The United States military will remain involved in Afghanistan despite the planned withdrawal from the country. Joint Chiefs of Staff Army General Mark Milley told the Associated Press the plan is still to get all troops out but promised to still help the Afghan government.
After the withdrawal is over, the United States will provide unspecified “capabilities” to the Afghan military from other locations, Milley said. He did not elaborate on this, but other officials have said those “over-the-horizon” arrangements for supporting the Afghan military have yet to be solidified.
This may calm some of the worries from Afghanistan Analysts Network that the withdrawal puts the Afghani government at a disadvantage because they won’t have international support to get things done. It’s also worth noting U.S.-based military contractors are still advertising work in Afghanistan. Meaning even with the withdrawal a U.S. presence will still be in Afghanistan.
Milley is confident the U.S. will have all troops out by September 11th although he noted there was no point in putting a timeline together. Which makes sense given how fluid the situation involving Afghanistan remains 20 years after the U.S. first invaded after September 11, 2001. The Taliban may have been steamrolled to start the war, but it quickly bogged down into a long slog as time went on and the U.S. became involved in Iraq.
It appears the United States is planning for all sorts of possibilities regarding Afghanistan’s future with Milley noting it depends if the Afghani military stays united or falls into factions.
“I think there’s a range of scenarios here, a range of outcomes, a range of possibilities,” he said to the Associated Press and CNN on a plane back to Washington, DC. “On the one hand you get some really dramatic, bad possible outcomes. On the other hand, you get a military that stays together and a government that stays together…We frankly don’t know yet. We have to wait and see how things develop over the summer.”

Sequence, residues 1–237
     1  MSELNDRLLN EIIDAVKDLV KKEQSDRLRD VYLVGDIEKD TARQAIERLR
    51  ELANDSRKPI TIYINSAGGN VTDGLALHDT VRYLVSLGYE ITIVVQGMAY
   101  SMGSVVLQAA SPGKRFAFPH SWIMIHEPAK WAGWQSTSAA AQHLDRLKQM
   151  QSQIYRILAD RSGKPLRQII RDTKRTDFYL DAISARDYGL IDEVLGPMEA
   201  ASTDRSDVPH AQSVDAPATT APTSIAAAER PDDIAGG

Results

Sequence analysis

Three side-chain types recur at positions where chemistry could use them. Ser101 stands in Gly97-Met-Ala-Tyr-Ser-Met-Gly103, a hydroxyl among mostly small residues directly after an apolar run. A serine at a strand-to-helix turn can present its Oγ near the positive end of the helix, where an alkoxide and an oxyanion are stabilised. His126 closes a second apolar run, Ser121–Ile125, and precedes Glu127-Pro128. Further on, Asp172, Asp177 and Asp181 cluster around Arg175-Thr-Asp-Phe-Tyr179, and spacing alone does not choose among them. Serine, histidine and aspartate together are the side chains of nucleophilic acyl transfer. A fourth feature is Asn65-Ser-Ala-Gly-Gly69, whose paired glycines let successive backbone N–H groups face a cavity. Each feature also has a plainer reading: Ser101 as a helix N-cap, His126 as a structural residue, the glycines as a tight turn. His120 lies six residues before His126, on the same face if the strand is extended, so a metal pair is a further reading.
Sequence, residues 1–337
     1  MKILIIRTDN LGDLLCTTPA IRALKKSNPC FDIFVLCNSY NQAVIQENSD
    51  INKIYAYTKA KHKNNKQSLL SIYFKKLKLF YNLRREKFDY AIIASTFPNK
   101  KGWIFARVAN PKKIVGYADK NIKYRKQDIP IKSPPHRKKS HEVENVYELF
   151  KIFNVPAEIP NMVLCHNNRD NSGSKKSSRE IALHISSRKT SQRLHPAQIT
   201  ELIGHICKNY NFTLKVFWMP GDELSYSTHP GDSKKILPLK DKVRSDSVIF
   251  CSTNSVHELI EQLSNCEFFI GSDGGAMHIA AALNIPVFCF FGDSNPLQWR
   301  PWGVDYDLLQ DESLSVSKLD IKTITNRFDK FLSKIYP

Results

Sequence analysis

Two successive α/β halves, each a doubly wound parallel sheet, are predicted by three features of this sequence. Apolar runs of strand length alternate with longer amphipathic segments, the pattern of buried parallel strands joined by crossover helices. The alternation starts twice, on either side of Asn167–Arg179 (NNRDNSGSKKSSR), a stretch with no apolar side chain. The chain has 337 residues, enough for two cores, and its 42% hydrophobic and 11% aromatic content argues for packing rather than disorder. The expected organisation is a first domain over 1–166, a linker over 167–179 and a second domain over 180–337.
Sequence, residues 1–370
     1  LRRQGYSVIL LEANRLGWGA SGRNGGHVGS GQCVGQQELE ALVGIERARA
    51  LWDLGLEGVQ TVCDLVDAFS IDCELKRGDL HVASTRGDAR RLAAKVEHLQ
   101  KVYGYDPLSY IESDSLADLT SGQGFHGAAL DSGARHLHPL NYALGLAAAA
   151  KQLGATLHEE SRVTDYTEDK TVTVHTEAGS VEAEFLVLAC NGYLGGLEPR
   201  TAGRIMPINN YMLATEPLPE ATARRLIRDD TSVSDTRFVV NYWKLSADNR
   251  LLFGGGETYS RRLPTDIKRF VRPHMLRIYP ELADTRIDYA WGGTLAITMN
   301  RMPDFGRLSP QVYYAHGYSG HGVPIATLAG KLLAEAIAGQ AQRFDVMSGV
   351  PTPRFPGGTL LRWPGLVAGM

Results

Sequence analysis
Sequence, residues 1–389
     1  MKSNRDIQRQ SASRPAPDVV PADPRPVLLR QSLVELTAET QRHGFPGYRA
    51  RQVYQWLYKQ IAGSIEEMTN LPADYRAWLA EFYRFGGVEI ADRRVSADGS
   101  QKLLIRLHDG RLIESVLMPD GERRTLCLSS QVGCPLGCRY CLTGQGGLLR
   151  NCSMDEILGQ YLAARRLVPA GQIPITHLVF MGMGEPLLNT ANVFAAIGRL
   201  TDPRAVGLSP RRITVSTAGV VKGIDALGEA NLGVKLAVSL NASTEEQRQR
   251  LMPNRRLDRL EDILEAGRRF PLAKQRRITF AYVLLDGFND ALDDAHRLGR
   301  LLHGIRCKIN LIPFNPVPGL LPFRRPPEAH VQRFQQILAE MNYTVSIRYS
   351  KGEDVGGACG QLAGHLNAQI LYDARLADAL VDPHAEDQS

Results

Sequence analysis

The question of whether the government stays together is extremely important, particularly if there are still harsh feelings between U.S.-backed president Asraf Ghani and High Council for Reconciliation Chairman Abdullah Abdullah over the 2019 election. Both were able to reach a power-sharing agreement last year, however, it’s not known if they’ll stay united once the U.S. gets its troops out. Abdullah seems hopeful in a resolution and told the AP the U.S and NATO withdrawal means everyone needs to start working together for peaceful solutions.
Messages go back and forth between a variety of Taliban to senior negotiators, including himself, said Abdullah. He noted that he has received countless messages from Taliban officials, some written, some as voice messages. Sometimes they are detailed, and other times terse and brief. But he said he has yet to see a commitment to peace from the insurgent group on which he can rely.
Abdullah said his response to the Taliban has been consistent: “Put everything that you want on the negotiating table. We are ready to discuss it. We are ready to find ways that it works for both sides.”
He said the withdrawal adds pressure on both sides to find a peace deal.
The Taliban cannot win militarily, he said, and even regional powers — including Pakistan with its influence over the insurgent group — have steadfastly rejected a military takeover in Afghanistan. Taliban leaders are headquartered in Pakistani cities.
This partially goes against commentary from AAN which believes the Taliban will become more emboldened. AAN’s Kate Clark agrees a Taliban military victory is unlikely but still believes they’ll try causing more of the populace to suffer until some sort of solution is reached. It’s an understandable belief from Clark especially after a weekend bombing in Pul-e-Alam. The Taliban has been blamed for it by the government but hasn’t taken responsibility. The Taliban did issue a warning on May 1st about the U.S. not adhering to its original troop withdrawal agreement and is believed to have been involved in an attack on an airfield in Kandahar.
There’s no doubt the U.S. needs to remove itself from Afghanistan and, unfortunately, didn’t adhere to the original deadline, although it’s not surprising given the fluidity of Afghanistan’s political situation. Milley’s comments on the U.S. maintaining an outside presence in the region make sense as it behooves all parties in the country to play nice. The only concern is what happens if the Afghani government fractures again. Will the U.S. decide to go back into Afghanistan or try diplomatic means first to calm things down before further violence breaks out? That remains to be seen.
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